Recently, children’s puppetry company Little Angel Theatre and the Royal Shakespeare Company celebrated the fact that both organisations were 50 years old by collaborating on a puppet version of The Tempest.
I didn’t see that show, sadly. So it was lovely to at least be able to see this sister project – also produced by Little Angel in association with the RSC – in which Michael Rosen creates a mini-sequel of sorts, for children aged 3 and above.
A young girl, Isabella, is having difficulty sleeping because of the howling thunderstorm that shows no sign of ending. In an attempt to get her to sleep, her mother Miranda tells a story from her youth, of how she and Prospero used to live on an island with the mystical creatures Caliban and Ariel.
As the tempest rages outside, Isabella finds herself whisked off to the “island of noises”, where she hopes to find Prospero’s magic staff that has the power to calm the storm outside her window. But it was broken in two, so she must find both pieces and reunite them…
As Isabella, Clare Rebekah Ponting does a great job of evoking the spirit of being a young child, now too big to be carried home by her mother. Lizzie Wort, who plays Miranda as well as, with Ponting, performing all the songs and puppetry in the show, is just as entertaining and helps captivate the youngsters in the audience.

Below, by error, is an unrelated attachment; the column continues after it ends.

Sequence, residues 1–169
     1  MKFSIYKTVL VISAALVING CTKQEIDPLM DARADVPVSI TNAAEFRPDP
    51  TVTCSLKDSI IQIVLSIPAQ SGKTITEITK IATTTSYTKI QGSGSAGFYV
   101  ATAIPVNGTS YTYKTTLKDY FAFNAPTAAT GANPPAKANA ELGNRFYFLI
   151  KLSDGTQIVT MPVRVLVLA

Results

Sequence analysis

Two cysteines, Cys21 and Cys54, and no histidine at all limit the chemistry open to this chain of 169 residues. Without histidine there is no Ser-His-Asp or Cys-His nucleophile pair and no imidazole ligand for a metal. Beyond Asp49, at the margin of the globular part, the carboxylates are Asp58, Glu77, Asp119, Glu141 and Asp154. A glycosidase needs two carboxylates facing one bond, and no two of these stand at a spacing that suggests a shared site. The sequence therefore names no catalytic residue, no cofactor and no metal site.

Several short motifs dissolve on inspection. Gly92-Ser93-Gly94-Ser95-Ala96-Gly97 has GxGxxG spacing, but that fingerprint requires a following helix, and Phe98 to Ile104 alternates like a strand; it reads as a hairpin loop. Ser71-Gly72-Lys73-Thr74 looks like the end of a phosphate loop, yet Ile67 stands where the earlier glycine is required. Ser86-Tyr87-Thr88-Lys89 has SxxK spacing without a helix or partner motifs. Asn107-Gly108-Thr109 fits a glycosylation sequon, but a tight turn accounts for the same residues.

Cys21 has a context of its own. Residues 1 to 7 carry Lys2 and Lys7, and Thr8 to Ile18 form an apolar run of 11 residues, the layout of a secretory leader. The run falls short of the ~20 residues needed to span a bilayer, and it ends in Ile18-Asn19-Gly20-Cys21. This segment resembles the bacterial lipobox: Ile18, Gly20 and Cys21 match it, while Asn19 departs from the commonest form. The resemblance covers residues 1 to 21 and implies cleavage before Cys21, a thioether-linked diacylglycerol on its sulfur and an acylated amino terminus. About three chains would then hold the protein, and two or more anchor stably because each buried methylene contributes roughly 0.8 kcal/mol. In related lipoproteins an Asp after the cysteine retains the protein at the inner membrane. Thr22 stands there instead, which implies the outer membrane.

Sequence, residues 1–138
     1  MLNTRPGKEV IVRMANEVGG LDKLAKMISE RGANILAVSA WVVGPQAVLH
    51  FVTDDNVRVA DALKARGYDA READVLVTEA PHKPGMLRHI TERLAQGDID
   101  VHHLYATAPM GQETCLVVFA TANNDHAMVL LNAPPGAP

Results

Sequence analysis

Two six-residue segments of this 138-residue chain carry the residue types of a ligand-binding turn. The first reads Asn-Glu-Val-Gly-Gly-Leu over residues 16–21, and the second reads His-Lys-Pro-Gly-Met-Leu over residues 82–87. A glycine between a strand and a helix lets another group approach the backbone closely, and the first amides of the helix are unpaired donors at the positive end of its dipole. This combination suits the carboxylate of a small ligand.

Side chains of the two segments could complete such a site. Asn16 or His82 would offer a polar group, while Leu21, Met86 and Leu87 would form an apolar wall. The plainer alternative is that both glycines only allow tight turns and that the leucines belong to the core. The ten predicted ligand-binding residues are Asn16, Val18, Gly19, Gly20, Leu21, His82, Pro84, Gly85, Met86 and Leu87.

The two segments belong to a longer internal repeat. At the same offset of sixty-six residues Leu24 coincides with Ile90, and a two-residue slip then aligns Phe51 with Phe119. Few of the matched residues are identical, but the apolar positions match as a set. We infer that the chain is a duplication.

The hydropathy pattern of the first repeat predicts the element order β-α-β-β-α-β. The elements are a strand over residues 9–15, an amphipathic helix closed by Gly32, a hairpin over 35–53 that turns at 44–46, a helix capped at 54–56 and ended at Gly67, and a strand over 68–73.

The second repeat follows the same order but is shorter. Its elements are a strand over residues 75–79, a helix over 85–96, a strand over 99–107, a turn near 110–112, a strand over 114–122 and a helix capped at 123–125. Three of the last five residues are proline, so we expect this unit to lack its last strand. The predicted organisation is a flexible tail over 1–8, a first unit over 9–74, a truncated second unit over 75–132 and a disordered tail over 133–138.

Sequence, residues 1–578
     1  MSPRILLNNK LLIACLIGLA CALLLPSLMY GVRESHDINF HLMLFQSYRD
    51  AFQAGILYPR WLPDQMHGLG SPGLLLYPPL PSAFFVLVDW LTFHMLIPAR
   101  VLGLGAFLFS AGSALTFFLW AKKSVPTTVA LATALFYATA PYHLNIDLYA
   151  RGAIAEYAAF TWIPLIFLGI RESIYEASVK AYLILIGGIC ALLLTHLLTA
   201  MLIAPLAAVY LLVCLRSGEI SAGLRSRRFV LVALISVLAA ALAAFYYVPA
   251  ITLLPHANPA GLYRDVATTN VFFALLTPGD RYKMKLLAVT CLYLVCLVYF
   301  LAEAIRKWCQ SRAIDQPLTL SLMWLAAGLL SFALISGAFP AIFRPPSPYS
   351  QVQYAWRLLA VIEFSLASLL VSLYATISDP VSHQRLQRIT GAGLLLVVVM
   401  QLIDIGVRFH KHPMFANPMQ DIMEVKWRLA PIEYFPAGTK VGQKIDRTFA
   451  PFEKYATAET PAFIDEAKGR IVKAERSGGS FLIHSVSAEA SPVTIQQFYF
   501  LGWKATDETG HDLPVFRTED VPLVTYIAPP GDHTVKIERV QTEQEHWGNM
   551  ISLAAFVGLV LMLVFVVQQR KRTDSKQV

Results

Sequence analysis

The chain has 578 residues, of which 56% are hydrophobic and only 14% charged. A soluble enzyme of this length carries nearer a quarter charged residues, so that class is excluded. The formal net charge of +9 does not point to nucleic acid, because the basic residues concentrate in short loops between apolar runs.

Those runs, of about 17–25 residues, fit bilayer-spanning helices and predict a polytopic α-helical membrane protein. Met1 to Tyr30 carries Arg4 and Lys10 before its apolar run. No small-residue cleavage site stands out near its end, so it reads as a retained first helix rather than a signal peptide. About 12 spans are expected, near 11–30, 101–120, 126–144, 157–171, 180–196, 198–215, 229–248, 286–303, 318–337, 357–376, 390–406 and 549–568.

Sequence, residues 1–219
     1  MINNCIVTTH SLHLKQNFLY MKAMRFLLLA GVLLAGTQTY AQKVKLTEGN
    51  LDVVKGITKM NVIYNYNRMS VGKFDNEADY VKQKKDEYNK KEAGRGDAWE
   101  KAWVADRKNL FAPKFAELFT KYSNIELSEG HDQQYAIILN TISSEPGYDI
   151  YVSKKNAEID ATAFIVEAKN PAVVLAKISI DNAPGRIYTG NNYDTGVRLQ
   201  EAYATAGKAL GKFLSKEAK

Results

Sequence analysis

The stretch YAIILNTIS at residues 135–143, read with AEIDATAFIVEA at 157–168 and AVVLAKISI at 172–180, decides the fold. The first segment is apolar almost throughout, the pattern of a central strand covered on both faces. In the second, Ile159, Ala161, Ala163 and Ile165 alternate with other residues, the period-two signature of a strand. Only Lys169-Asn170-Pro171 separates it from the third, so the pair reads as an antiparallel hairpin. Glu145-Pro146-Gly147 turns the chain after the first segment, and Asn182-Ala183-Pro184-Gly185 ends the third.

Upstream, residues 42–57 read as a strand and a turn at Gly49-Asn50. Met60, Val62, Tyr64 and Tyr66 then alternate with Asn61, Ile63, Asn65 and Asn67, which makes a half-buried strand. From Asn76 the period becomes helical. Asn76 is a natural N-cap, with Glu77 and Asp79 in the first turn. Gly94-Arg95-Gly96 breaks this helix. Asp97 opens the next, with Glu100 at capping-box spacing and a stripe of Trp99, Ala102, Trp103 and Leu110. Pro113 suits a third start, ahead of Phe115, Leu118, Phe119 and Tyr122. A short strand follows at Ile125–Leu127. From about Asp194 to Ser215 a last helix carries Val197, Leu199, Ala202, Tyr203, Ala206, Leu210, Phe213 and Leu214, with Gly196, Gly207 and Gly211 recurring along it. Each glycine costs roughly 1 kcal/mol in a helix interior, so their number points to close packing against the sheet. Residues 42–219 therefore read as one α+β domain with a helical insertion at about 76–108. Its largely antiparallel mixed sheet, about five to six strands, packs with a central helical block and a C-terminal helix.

But as you’d expect, it’s the puppets who endear themselves most readily. Again, I didn’t see Little Angel’s Tempest, which I believe was aimed at an older age range than this play, but I understand that the designs of Caliban and Ariel are carried through, albeit at different scales. Caliban here is a gentle, kindly, soul who just wants to be left alone to eat his truffles, but is also tempted by the fruity fruits on Ariel’s tree. Ariel himself is a spikier spirit in both build and voice who has recovered one half of Prospero’s staff, unaware that it is powerless without the other half.
Isabella’s time on the island feels very short, which in a way it is – within the 45-minute show, there’s a substantial prologue in Isabella’s bedroom, matched by a shorter coda after she has safely returned. Nor is there very much in the way of incident. But it’s a dreamlike tale of wonder, and as with much of Michael Rosen’s work that I enjoyed myself so much as a child, it’s not about what happens on the journey as much as the joys of the journey itself.
Some sweet little songs – devised by Lizzie Wort and the company – only help to add to the charm of this short piece. An interesting and delightful work for the RSC to put their name to.